Tucking into a plate of Swedish meatballs, a salmon wrap or something else off of IKEA's seasonally changing menu is just another part of the experience. Roughly 700 million people ate in an IKEA restaurant in 2013, and some of those customers helped consume 150 million meatballs in the process [source: Hansegard].
In truth, the "restaurant" is more of a cafeteria, which means all of the same conventions apply. While you're in line, scan the menu and be ready to order when you get to the counter. Show good hygiene by keeping your fingers off every single salad and piece of cake, with the exception of the one you plan to eat. And if you're waiting for friends, don't ask them to join you in line when they arrive, in effect cutting in front of all the other hangry customers; instead, wait for them or have them join you at the table. There's no need to add to the commotion by shouting, and, if you're visiting with squirmy children, ensure they remain seated. Shockingly for some, the cafeteria doesn't double as a playground.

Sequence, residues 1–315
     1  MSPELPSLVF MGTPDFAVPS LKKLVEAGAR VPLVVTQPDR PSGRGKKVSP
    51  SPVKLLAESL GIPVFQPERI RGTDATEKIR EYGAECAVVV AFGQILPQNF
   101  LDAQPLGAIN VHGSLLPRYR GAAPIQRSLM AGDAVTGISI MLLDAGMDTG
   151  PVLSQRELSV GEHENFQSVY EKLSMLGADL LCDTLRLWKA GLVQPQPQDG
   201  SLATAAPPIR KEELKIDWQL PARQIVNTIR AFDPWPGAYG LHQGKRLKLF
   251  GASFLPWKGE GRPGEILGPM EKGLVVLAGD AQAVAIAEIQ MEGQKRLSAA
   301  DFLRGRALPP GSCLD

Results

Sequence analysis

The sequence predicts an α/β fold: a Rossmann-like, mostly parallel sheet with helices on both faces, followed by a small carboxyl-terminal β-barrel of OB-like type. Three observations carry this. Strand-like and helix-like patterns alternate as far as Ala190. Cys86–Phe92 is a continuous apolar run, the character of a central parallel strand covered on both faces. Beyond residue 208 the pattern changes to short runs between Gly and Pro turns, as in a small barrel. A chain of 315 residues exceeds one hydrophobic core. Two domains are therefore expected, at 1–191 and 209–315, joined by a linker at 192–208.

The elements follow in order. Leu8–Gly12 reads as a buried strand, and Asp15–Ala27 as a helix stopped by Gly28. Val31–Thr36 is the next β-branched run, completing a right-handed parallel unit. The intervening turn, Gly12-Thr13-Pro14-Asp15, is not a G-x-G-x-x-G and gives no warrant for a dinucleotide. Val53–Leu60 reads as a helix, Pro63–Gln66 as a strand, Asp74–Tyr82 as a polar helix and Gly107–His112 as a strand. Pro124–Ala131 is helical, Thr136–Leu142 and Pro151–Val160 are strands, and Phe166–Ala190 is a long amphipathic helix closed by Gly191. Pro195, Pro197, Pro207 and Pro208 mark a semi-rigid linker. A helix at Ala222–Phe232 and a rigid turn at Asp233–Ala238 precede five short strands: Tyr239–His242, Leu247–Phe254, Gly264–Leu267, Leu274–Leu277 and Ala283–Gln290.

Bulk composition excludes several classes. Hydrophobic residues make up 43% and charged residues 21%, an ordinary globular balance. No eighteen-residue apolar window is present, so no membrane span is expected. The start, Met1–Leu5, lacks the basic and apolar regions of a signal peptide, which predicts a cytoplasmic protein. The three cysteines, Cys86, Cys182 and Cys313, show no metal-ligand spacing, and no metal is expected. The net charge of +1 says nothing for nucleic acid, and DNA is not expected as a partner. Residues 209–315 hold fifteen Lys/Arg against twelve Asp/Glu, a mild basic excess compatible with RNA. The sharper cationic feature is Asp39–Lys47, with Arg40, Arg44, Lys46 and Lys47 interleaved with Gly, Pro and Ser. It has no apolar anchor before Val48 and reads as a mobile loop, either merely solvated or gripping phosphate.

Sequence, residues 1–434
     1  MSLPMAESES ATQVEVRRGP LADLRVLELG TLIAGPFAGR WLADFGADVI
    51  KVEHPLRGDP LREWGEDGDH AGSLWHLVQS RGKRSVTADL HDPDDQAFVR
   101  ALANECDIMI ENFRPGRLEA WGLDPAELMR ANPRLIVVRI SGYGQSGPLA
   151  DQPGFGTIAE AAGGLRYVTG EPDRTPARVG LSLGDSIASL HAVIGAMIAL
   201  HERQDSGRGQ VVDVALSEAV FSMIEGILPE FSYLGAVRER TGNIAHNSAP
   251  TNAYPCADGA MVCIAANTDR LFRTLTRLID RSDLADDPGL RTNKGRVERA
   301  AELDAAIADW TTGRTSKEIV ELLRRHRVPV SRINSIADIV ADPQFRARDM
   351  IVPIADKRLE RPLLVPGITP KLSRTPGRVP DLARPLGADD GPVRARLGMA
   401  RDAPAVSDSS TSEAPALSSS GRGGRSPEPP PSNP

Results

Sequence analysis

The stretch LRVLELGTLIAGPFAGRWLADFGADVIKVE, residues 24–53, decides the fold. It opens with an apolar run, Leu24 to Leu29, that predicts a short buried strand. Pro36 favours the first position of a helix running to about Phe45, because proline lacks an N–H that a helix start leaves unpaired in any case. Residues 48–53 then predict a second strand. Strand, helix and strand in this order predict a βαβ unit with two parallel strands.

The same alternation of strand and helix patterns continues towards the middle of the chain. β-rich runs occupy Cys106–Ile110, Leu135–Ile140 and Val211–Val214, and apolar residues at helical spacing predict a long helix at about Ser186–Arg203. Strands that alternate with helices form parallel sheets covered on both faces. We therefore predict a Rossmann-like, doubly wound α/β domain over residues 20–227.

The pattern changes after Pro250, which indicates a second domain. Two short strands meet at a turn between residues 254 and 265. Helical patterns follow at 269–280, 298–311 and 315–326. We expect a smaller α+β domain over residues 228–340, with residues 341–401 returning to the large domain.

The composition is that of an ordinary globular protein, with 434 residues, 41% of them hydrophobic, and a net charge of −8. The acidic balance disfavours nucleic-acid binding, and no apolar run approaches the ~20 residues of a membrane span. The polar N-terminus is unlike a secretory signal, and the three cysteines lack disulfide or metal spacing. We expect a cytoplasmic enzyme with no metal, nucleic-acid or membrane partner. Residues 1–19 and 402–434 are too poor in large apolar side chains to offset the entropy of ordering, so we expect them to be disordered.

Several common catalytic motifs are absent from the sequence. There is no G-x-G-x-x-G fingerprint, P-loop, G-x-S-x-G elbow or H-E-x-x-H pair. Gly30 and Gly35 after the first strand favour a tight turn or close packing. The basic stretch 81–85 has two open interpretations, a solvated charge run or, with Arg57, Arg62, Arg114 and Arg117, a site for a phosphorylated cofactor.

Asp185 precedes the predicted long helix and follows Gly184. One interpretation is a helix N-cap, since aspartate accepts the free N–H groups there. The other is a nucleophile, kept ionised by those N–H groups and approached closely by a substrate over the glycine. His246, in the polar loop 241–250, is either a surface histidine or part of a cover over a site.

When you're finished, don't be the person who conveniently "forgets" to bus the dishes; take your tray to the proper cart and wipe your mess off the table. And since no one wants to sit on a coffee-stained couch or snuggle up on a crumb-covered pillow, restrict all of your calorie consumption to the cafeteria.